Although the mechanisms underlying the relationship between Parkinson’s Disease and heart disease are not fully understood, studies funded by the American Parkinson’s Disease Association are shedding light on the effect of autonomic dysfunction on cardiac disease in those with Parkinson’s Disease. In brief, neurons in the hypothalamus and brain stem are able to detect changes in the physiological and chemical state of the body. These neurons then relay this message to the autonomic nervous system, which will then send out a signal to the body to regulate its response. In a healthy person, the autonomic nervous system is capable of adequately controlling blood pressure through vasodilation and constriction, or by varying heart rate. However, in an individual that has Parkinson’s Disease, the brain’s ability to pass on autonomic messages to the heart may become impaired. In fact, some notable cardiac effects seen among Parkinson’s patients include variation in the intervals between heartbeats or a distinctive electrocardiogram. While these cardiac abnormalities can increase a Parkinson patient’s risk for heart disease, its progression to a serious heart condition and/or cardiac event can be prevented with the proper lifestyle changes.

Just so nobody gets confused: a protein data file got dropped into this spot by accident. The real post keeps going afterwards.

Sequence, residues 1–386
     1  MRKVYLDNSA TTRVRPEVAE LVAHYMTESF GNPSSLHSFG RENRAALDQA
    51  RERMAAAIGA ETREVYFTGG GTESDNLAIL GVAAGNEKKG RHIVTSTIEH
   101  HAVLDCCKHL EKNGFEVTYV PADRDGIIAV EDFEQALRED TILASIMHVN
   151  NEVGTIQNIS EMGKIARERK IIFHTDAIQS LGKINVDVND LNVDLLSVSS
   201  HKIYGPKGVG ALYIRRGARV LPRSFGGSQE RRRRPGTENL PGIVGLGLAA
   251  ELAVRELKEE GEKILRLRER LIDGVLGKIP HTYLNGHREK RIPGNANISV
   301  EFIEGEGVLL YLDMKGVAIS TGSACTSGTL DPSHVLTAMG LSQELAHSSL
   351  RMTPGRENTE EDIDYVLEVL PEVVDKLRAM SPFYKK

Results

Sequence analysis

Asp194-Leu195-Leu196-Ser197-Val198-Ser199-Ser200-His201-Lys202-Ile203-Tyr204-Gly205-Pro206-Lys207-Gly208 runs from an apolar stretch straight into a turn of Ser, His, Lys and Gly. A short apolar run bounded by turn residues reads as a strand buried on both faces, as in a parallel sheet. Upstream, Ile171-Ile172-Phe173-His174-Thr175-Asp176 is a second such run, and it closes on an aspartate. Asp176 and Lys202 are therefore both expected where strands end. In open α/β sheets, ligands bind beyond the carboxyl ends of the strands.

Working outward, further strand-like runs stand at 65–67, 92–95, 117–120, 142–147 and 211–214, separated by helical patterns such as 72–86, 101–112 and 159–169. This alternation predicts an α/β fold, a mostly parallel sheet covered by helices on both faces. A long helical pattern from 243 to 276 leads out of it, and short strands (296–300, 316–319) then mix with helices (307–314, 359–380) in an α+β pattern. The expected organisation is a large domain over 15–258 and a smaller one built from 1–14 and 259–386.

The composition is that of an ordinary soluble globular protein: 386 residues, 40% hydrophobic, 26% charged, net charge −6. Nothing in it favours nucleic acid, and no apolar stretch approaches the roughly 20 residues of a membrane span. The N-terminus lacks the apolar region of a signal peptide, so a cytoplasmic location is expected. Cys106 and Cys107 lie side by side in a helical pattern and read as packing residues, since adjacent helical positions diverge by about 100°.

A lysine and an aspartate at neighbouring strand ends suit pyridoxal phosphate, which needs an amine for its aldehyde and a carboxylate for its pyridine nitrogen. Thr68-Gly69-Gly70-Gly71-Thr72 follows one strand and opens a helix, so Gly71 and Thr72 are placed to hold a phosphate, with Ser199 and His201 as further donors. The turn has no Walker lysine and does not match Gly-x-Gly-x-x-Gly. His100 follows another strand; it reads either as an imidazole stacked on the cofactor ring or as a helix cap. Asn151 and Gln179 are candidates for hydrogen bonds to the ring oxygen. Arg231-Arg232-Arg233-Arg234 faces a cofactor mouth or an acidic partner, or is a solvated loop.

What Needs to Change to Prevent Heart Disease?
Although dementia has been associated with heart disease, a diagnosis does not mean that the development of serious heart complications is definite. A lot of it can be prevented by adapting heart healthy lifestyle changes that encompasses a nutritious diet, exercise, and adequate rest. When caring for patients and loved ones with dementia, it is important to remember that their heart can and should be cared for, too.
Dementia and heart disease are both progressive illnesses, meaning that they can worsen with age. With that being said, those without dementia can prevent the progression of these diseases by taking on lifestyle changes. Whether it’s your brain health or heart health in question, you have the ability to reduce your risk by staying aware and being proactive about your own health.
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- Alzheimer’s Society. (n.d.). Risk Factors for Dementia. https://www.alzheimers.org.uk/sites/default/files/pdf/factsheet_risk_factors_for_dementia.pdf
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- Cardiovascular Effects of Parkinson’s. American Parkinson Disease Association. (2019, August 19). https://www.apdaparkinson.org/article/heart-and-parkinsons/.